RESEARCH ARTICLE


Microbiological Response to Periodontal Therapy: A Retrospective Study



Vittorio Checchi1, *, Gaia Pascolo2
1 Department of Restorative Dentistry, University of Bologna, DIBINEM, Bologna, Italy
2 Department of Periodontology and Implantology, University of Bologna, DIBINEM, Bologna, Italy


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Creative Commons License
© 2018 Checchi and Pascolo.

open-access license: This is an open access article distributed under the terms of the Creative Commons Attribution 4.0 International Public License (CC-BY 4.0), a copy of which is available at: https://creativecommons.org/licenses/by/4.0/legalcode. This license permits unrestricted use, distribution, and reproduction in any medium, provided the original author and source are credited.

* Address Correspondence to this author at the Unit of Esthetic Restorative Dentistry, DIBINEM, University of Bologna, Via San Vitale 59, 40125 Bologna, Italy, Tel: +390512088111, E-mail: vittorio.checchi@unibo.it


Abstract

Background:

Periodontitis is a multifactorial infection caused by a complex of pathogenic bacterial species that induce the destruction of periodontal structures.

Objective:

The aim of this study is to evaluate the presence and bacterial load of six periodontal pathogens bacteria, measured at initial visit and after osseous surgery in patients affected by chronic periodontitis and treated between 2005 and 2007.

Methods:

This cohort study was carried out on a sample of 38 consecutive patients affected by severe chronic periodontitis, diagnosed at baseline on the basis of probing depths equal to 6.68 ± 1.47 mm. On each subject, a microbiological test was performed before periodontal initial therapy and after osseous surgery (one year later). Five compromised teeth were chosen for each patient (the same teeth, before and after surgery), for a total of 190 teeth. Real-time PCR based analysis computed total bacterial load of the samples and quantified six periodontal pathogens: Actinobacillus actinomycetemcomitans, Porphyromonas gingivalis, Tannerella forsythia, Treponema denticola, Fusobacterium nucleatum and Prevotella intermedia. Data collection was made consulting medical charts.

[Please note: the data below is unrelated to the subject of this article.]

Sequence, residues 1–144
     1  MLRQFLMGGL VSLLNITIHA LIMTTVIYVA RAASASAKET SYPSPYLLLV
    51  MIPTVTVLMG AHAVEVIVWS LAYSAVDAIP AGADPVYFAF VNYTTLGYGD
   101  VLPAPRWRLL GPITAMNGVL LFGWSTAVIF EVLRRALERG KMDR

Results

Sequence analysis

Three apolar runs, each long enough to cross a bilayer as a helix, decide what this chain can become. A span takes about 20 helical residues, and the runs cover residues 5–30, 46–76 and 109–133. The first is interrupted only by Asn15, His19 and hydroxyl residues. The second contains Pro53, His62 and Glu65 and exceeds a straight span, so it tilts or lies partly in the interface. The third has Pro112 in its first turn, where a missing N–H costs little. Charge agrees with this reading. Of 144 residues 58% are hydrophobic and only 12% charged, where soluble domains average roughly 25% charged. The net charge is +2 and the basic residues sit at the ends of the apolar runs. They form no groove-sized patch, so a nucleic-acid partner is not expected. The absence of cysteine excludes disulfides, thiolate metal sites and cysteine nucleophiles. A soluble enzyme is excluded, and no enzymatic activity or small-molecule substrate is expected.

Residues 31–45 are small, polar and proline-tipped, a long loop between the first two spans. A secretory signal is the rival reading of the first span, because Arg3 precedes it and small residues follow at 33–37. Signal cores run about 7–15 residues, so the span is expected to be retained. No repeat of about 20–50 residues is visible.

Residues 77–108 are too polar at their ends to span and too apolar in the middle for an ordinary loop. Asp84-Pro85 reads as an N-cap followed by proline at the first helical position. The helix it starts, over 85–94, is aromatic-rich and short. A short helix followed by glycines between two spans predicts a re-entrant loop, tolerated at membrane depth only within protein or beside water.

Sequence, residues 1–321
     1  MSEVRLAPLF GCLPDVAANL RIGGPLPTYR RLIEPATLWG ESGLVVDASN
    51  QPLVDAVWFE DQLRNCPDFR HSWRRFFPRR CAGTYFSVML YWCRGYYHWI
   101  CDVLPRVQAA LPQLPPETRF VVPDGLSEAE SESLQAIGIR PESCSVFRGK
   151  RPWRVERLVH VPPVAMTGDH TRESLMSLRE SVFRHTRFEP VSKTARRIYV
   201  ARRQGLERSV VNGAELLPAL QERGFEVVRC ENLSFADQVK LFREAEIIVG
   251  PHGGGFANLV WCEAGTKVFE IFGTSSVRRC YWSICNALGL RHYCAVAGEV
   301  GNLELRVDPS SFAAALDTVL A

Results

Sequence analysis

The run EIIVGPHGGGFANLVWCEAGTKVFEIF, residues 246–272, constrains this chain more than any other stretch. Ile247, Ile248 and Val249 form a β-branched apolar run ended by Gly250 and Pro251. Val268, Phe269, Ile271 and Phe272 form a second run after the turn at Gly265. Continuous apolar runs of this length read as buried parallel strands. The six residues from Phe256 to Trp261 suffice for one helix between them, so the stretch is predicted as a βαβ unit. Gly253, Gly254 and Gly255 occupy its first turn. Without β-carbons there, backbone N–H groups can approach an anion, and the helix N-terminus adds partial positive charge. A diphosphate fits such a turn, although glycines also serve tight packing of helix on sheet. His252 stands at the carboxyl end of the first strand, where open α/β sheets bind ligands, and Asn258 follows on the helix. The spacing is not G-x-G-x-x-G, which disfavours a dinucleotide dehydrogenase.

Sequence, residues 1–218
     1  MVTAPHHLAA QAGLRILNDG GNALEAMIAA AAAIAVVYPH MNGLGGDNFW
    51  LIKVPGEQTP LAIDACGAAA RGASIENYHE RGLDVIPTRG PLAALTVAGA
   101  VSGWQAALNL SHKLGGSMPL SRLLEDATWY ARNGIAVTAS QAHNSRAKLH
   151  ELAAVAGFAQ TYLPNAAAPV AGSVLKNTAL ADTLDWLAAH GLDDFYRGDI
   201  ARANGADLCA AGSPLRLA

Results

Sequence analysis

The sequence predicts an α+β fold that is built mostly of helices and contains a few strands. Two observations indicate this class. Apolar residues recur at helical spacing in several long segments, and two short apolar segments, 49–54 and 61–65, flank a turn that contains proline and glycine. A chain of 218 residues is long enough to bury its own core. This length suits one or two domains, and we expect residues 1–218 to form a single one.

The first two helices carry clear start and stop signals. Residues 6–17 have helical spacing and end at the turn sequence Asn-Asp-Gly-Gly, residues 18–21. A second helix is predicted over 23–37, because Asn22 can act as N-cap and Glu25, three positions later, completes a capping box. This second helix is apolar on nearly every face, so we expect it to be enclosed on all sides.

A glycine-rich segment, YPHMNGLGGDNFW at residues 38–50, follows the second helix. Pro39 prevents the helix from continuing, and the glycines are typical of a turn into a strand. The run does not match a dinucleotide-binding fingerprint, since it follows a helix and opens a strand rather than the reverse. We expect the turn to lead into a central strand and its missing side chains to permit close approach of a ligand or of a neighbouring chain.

Results:

Pocket probing depth reduction after surgery was 4.50 ± 1.54 mm (p=0.0001). The mean number of sites with bleeding at baseline was 2.08 ± 1.17 and 0.58 ± 1.00 after surgery (p=0.001). The mean number of sites with suppuration at baseline was 0.26 ± 0.86 and 0 after surgery (p=0.02). Cell count of each pathogen and total cell count were significantly higher at baseline than after surgery. Almost all bacteria presented a mean percentage reduction equal to that of the total count, except for Aa and Pi, which seemed to show a greater resistance. The difference of bacterial load, both before and after surgery, between smokers and non-smokers was not statistically significant (p<0.05). A statistically significant correlation was detected between pocket probing depth variation and bleeding on probing variation before and after the surgery, controlling for age (r=0.6, p=0.001). No significant correlations were observed between pocket probing depth and bacterial loads, except for Pg (r=0.5, p=0.001), Tf (r=0.6, p=0.001) and Td (r=0.4, p=0.02).

Conclusions:

Reduction of presence and bacterial load of the examined periodontal pathogens bacteria after osseous surgery, along with periodontal pocket reduction, appeared to be essential to achieve and maintain periodontal stability over years.

Keywords: Microbiology, Periodontal therapy, Periodontal pathogens, Retrospective study, Microbiological test, Periodontal surgery.